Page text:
It was while she was here in Craigmillar that a group of Mary's advisers, the earls of Argyll, Huntly and Bothwell among them, met to decide what to do about her impossible husband. The decision was to murder him. Darnley was strangled at Kirk o' Fields in the Old Town, and his house then burnt down. Bothwell then married Mary.

Matters went from bad to worse. Captured by Protestant noblemen, Mary was actually imprisoned by Sir Simon Preston himself, her once-loyal supporter, in his own house on the High Street. He then took the Queen to her prison on the island of Lochleven near Kinross, where she remained until forced to abdicate in favour of her one-year-old son.  The rest of Mary's story, interesting as it is, does not belong here, so we will return instead to Craigmillar, the castle to which she retreated.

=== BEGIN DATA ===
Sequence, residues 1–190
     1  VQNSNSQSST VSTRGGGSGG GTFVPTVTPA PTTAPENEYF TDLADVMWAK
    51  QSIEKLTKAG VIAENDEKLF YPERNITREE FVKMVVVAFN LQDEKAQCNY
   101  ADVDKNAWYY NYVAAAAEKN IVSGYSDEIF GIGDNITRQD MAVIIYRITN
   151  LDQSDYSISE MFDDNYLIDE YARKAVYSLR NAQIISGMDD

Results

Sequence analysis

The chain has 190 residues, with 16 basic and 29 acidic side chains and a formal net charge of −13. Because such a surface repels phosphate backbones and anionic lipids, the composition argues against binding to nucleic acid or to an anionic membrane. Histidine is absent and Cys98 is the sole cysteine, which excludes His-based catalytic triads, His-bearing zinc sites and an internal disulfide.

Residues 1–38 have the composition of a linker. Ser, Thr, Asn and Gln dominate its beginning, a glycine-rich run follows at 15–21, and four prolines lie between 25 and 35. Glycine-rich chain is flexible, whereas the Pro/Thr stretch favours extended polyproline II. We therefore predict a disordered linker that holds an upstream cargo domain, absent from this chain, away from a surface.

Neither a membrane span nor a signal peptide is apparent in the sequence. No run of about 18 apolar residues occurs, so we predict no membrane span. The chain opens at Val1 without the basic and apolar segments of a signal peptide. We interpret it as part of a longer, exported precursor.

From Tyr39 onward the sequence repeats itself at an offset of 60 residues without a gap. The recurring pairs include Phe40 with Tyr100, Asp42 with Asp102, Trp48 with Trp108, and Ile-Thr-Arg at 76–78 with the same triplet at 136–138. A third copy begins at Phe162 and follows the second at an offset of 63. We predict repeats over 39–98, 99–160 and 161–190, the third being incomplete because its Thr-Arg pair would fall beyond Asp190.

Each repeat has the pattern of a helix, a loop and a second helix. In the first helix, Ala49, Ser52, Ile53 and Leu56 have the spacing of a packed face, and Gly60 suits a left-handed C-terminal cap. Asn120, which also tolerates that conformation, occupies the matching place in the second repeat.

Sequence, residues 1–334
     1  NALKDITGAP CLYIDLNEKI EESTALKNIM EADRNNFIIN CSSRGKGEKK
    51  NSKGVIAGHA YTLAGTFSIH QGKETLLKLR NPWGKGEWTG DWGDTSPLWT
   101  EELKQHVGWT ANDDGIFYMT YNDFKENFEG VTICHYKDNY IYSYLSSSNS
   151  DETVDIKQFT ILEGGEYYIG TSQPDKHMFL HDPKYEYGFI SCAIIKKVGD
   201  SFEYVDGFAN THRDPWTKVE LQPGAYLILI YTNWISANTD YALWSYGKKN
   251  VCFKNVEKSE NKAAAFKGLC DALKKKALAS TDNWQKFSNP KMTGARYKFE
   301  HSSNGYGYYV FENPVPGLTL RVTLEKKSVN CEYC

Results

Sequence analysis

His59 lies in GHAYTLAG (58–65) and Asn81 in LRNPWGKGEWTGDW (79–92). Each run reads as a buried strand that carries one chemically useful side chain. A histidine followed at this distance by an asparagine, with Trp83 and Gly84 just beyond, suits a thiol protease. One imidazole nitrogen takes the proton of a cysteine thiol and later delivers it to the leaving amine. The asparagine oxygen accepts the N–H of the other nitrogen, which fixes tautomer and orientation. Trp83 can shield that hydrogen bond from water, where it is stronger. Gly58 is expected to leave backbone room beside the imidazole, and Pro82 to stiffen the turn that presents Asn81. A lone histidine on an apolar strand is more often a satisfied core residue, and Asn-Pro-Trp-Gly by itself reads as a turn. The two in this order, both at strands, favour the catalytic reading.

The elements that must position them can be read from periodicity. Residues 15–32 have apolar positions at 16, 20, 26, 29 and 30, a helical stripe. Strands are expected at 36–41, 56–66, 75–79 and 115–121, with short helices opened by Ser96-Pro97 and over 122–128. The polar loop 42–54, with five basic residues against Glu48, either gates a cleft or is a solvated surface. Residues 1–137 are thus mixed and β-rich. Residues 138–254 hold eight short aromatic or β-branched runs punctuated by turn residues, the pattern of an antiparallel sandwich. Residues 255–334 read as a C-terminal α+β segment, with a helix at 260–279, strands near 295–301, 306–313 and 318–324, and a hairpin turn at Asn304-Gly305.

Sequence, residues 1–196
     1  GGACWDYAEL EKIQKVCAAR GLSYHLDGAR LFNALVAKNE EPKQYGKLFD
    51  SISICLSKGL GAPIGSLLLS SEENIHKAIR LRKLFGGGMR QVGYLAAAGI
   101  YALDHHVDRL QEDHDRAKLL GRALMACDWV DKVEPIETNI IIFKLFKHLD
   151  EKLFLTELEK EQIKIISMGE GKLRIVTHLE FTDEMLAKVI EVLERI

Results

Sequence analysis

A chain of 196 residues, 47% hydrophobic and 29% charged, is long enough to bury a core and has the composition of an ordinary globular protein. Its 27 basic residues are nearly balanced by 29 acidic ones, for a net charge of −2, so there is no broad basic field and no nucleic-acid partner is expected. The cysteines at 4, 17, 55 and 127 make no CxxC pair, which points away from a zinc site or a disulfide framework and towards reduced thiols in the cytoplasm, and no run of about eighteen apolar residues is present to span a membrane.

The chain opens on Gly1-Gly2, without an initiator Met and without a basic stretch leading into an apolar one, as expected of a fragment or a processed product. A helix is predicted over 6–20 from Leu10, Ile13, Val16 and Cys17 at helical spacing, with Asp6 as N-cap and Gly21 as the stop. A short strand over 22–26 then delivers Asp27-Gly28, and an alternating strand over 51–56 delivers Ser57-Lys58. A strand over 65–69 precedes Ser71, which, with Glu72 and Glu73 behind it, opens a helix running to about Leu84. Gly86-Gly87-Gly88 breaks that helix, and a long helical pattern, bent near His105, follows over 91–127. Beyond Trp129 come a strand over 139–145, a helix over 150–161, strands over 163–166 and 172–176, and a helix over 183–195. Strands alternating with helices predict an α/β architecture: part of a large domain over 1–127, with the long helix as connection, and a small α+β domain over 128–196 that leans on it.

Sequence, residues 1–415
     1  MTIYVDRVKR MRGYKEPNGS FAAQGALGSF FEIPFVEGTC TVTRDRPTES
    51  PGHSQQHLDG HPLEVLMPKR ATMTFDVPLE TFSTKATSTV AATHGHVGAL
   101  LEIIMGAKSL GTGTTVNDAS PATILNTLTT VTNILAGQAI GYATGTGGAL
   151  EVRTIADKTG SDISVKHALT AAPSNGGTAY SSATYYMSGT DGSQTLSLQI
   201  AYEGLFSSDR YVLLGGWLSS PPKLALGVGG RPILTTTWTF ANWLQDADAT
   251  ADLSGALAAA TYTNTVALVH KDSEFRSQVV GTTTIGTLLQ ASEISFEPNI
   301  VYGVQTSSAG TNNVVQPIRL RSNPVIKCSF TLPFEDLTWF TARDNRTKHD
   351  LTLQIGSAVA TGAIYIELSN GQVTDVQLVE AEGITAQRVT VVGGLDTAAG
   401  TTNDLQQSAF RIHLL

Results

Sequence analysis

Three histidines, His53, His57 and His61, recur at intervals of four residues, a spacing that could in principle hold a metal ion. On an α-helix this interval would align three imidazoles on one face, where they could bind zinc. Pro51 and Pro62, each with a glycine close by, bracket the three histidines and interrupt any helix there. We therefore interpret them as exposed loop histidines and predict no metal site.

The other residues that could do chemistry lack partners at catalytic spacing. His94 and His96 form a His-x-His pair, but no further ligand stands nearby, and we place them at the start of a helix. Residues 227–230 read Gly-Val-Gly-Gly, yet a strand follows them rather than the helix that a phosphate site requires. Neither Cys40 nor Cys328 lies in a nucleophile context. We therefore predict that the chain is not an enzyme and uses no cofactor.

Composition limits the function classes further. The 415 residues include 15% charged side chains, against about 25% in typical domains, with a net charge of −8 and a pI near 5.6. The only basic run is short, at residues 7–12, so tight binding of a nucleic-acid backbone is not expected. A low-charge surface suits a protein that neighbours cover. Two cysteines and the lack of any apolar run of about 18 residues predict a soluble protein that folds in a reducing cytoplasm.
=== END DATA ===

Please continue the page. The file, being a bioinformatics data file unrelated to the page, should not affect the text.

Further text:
The walkways around the battlements would have made a pleasant place for Mary to stroll.  Looking out over the Preston's private chapel and the busy courtyard she would have been able to see as far as the coast on clear days. In the other direction, she could see the Pentland Hills and the area in front of them where her courtiers were living, which is still called Little France to this day.











Yet, despite its pleasant prospects, Mary would have been left in no doubt that this was a fortified house and that she was being well protected. Not only did observers on the castle walls have a 360 degree view of the surrounding area, so that they could easily spot any unwelcome visitors, but the walls were thick and punctured every so often by arrow slits and gunholes.